- AT-T
- S-125 Neva/Pechora
- Technicals (Armed with DShK, M2, M3, NSV, KPV, ZPU, ZU-23-2, GSh-23L, HS.820, 2A28 Grom with or without the turret taken off the BMP-1)
- MiG-21 Fighter jet aircraft – One MiG-21UM crashed after take-off from Benina airport due to technical malfunction.
- MiG-23 Fighter jet aircraft – one shot down by friendly fire over Benghazi.
- Soko G-2 Ground-attack and reconnaissance
- Mil Mi-2 light armoured utility helicopter
- Mil Mi-14 Anti Submarine Helicopter
- Mil Mi-24 Attack helicopter/Transport helicopter
Note: Both the Soko G-2, and Mil Mi-2 were captured at Misrata Airport on 24 February 2011.
Unmanned Aerial Vehicles (UAVs)
- 1 Koni class frigate
- 212 Al-Hani
- 1 Nanuchka class corvette
- 416 Tariq Ibn Ziyaad
- 2 Natya class minesweeper
- Green Resistance
- Alliance of Yemeni Tribes
- Free Syrian Army
- Armed Forces of the Libyan Arab Jamahiriya
- The Free Libya Armed Forces, ntclibya.com. Accessed 22 July 2011
- "Libya rebel army says training before Tripoli push". Reuters. Mon 28 February 2011 5:20 pm GMT.
- Nancy A. Youssef (Monday, 02.28.11). "Libyan rebels admit their military is lacking". Miami Herald.
- David D. Kirkpatrick and Karim Faheem (28 February 2011). "Libya rebels gain arms, defectors". Boston Globe.
- "Libyan rebels rename themselves National Liberation Army". Times of India. 31 May 2011. Retrieved 1 June 2011.[dead link]
- "GADDAFI: Female bodyguards and repression but in the end he met brutal death". Daily Mail (UK). 21 October 2011. Retrieved 11 November 2011.
- http://www.nytimes.com/2011/11/22/world/africa/libyas-toughest-test-may-be-building-an-army.html%7C date = 11/21/11| New York Times| date = Libyas toughest test may be building an army
- http://www.france24.com/en/20111201-libya-integrate-50000-anti-kadhafi-fighters%7Cdate 1/12/2011| France 24 | Libya to integrate 50,000 anti kadhafi fighters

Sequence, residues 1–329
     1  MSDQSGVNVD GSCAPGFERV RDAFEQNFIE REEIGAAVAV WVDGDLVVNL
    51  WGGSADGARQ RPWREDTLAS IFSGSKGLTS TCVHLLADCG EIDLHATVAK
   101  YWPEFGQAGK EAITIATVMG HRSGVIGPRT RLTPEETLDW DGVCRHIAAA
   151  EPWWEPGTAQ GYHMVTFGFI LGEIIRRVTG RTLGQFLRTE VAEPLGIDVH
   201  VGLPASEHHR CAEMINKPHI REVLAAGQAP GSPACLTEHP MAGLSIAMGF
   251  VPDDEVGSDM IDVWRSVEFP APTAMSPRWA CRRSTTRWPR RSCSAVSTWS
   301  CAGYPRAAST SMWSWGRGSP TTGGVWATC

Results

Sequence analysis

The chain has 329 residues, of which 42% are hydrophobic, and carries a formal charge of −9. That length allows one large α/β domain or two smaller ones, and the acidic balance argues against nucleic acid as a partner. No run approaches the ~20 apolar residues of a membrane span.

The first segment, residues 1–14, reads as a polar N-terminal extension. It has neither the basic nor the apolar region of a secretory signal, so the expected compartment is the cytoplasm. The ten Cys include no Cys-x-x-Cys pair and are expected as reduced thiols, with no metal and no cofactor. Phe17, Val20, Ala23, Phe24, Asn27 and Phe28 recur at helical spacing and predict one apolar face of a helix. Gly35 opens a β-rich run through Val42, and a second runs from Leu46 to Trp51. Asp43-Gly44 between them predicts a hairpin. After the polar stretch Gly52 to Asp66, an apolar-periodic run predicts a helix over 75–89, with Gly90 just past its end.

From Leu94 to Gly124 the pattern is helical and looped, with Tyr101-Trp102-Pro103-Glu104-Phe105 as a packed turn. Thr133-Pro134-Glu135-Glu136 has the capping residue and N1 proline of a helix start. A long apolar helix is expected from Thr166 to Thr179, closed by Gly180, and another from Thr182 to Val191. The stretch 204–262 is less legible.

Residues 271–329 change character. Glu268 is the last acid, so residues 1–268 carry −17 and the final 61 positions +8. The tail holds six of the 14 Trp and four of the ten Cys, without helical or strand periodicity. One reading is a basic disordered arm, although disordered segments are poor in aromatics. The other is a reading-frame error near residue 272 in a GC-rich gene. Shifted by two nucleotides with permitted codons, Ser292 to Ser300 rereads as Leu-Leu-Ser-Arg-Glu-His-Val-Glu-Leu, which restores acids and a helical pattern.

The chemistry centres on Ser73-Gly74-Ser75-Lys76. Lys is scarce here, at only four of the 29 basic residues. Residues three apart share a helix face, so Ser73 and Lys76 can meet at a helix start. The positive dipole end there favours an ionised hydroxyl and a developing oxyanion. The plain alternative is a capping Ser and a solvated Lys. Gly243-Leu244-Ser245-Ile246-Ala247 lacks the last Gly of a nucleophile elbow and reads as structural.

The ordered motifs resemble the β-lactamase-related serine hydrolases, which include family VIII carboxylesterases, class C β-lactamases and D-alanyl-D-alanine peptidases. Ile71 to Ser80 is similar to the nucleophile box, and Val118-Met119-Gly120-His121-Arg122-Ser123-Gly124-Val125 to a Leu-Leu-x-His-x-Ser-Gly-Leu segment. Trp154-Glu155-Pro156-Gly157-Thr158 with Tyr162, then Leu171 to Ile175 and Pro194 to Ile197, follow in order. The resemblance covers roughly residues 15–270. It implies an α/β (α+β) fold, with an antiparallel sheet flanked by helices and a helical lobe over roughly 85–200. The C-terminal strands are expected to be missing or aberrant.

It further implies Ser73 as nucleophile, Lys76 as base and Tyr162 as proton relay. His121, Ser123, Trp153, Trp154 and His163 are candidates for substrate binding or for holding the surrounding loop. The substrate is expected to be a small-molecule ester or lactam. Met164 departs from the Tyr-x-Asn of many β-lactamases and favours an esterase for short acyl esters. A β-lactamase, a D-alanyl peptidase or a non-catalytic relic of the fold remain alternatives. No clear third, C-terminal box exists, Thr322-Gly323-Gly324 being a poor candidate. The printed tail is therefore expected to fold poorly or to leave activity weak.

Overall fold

- "Former Libyan rebels offered military jobs". The Daily Telegraph (London). 26 December 2011.
- "Libya army chief of staff wants to disarm fighters". Zeenews. 05/01/12. Retrieved 05/01/12.
- Libya’s Opposition Leadership Slowly Comes into Focus ... The Cutting Edge News, 21 March 2011.
- Libya Rebel Recruits Head for Training as Insurgents Build Army by Ola Galal, Bloomberg Businessweek, 6 March 2011. Libyan rebel volunteers pour in by David Zucchino, Los Angeles Times, 3 March 2011.
- Libyan rebels make efforts to rearm as fighting intensifies, msnbc.com, 7 March 2011.
- Kirkpatrick, David D. (25 June 2011). "Rebels in Western Libya Loosen Qaddafi's Grip". The New York Times.
- "Gaddafi forces recapture Ras Lanuf – Africa". Al Jazeera English. Retrieved 11 November 2011.
- Evan Hill. "Libyan rebels get organised – Features". Al Jazeera English. Retrieved 11 November 2011.
- ROOT TECHNOLOGIES – Hossam El-Kady (6 September 2011). "Pro-Gaddafi tribe disarmed near Sirte – The Egyptian Gazette". 220.127.116.11. Retrieved 11 November 2011.
- "Libya rebels say Younis killers were 'Islamist element' | World news". The Guardian (UK). 30 July 2011. Retrieved 11 November 2011.
- Gamal, Rania El (4 August 2011). "Analysis: Too many cooks spoil Libya's rebel front". Reuters. Retrieved 11 November 2011.
- Gamal, Rania El (8 October 2011). "American fighter makes Libya's war his own | Reuters". In.reuters.com. Retrieved 11 November 2011.
- The rebels handed over their weapons in Bayda(in Arabic). Binrabah (، 24 October 2011.
- F_284 (24 October 2011). "تقرير إخباري: استقبال شعبي حافل في بنغازي للثوار المشاركين في تحرير سرت ووصول عدد من القادة لحضور إعلان التحرير". People's Daily. Retrieved 11 November 2011.
- Nordland, Rod; Shane, Scott (24 April 2011). "Guantánamo Files: Libyan Detainee Now U.S. Ally of Sorts". The New York Times.